(*essay under construction: please do not comment/revise yet*)

A *proof language* is a formal language for writing mathematical proofs, inside
*proof scripts*.

- The importance of feedback during development: incremental compilation/checking versus batch checking
- The nature of useful feedback
- Distinction between goal-oriented proof development (backwards proof style, explaining what remains to be solved) and formalising forwards proofs (explaining context)

- Mizar's use of versions
- Development graphs applied in Inka/Omega

I rather agree with Philippe Audebaud's observation after working on the **tmcoq**
TeXmacs interface for Coq:
[the] introduction of the

(see http://tmcoq.audebaud.org/)
`Notation`

mechanism in Coq version 8.0 has results, IOMO, in a serious regression with respect to what history of programming languages has learn to us. This mechanism allows dynamic change in the way source code is understood at the level of the lexer/parser, in the same spirit as TeX commands permits. More importantly, this makes confusion between structure and rendering. Good programming practice would rather suggest to put away Notation from Coq source.

The problem is that informal mathematical practice *does* afford this rich kind of freedom to
the author. For example ...

A sensible way around this seems to be a careful distinction between the syntax used
for mathematical formulae, which may be freely dynamically extended, and the syntax used for the
proof language itself, which ought to be more controlled. In Isabelle/Isar, this is the
distinction between the *inner* and *outer* syntax; the inner syntax is even warmly embraced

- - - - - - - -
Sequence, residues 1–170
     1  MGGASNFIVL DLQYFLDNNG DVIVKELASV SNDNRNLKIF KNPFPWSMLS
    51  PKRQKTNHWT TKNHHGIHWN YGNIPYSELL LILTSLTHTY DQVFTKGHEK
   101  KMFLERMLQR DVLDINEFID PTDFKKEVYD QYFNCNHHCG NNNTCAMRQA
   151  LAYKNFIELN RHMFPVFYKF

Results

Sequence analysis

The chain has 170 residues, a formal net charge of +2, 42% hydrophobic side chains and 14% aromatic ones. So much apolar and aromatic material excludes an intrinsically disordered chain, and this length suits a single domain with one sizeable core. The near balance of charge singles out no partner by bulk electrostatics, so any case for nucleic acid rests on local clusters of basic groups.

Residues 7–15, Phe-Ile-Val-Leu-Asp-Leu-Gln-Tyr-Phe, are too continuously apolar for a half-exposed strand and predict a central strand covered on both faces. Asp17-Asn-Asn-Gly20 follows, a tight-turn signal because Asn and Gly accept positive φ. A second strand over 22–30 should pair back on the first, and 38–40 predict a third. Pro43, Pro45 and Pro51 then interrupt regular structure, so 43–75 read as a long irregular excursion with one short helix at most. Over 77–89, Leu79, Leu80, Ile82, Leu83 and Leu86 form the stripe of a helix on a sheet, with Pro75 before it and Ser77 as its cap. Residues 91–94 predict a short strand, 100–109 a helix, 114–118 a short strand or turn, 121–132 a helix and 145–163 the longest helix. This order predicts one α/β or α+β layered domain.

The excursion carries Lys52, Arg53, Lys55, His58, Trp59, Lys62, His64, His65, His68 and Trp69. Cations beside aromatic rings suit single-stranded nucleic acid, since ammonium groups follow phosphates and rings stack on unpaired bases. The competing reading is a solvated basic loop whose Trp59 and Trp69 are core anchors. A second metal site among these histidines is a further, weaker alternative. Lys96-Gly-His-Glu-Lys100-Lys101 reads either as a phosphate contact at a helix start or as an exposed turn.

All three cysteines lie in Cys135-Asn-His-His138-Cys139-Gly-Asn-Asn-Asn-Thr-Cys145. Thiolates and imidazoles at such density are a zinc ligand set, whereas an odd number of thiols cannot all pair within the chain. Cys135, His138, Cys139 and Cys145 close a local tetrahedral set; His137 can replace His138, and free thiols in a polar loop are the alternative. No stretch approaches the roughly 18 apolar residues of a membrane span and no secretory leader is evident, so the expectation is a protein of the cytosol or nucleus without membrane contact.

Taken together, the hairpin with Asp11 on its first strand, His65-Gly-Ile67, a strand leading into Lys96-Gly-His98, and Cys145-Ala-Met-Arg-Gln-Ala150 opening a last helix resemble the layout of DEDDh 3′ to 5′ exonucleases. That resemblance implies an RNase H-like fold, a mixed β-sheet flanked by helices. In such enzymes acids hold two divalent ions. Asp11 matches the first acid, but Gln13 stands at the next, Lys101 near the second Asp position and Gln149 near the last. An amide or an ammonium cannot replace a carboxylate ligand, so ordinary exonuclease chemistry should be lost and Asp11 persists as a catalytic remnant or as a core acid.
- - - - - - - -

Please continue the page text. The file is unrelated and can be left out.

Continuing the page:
in string quotation marks.

The current philosophy of the Proof General interface is to ignore the inner syntax for a system, and to try to get the system itself to explain the outer syntax for a system, in a standard way. Thus we recognise parts of the proof language which introduce the start of a proof and which end a proof, and parts which are steps in between. Other parts of the proof language introduce definitions or declarations. Our thesis is that we can get quite far with surface-level understanding of this structure, occasionally using the system itself to embelish with additional information (for example, dependencies between elements).

Can we have a generic proof language? Isar was designed in principle to be generic, but its only implementation was inside Isabelle and by now its mechanisms are rather closely embedded.

- specifically
- design of modular module languages

-- DavidAspinall - Sep 2006

- Wenzel's thesis
- Freek Wiedijk's [http://http://www.cs.ru.nl/~freek/comparison/index.html][17 Provers of the World]]

This topic: PG > NotesOnProofLanguages

Topic revision: r1 - 05 Sep 2006 - 21:13:38 - DavidAspinall

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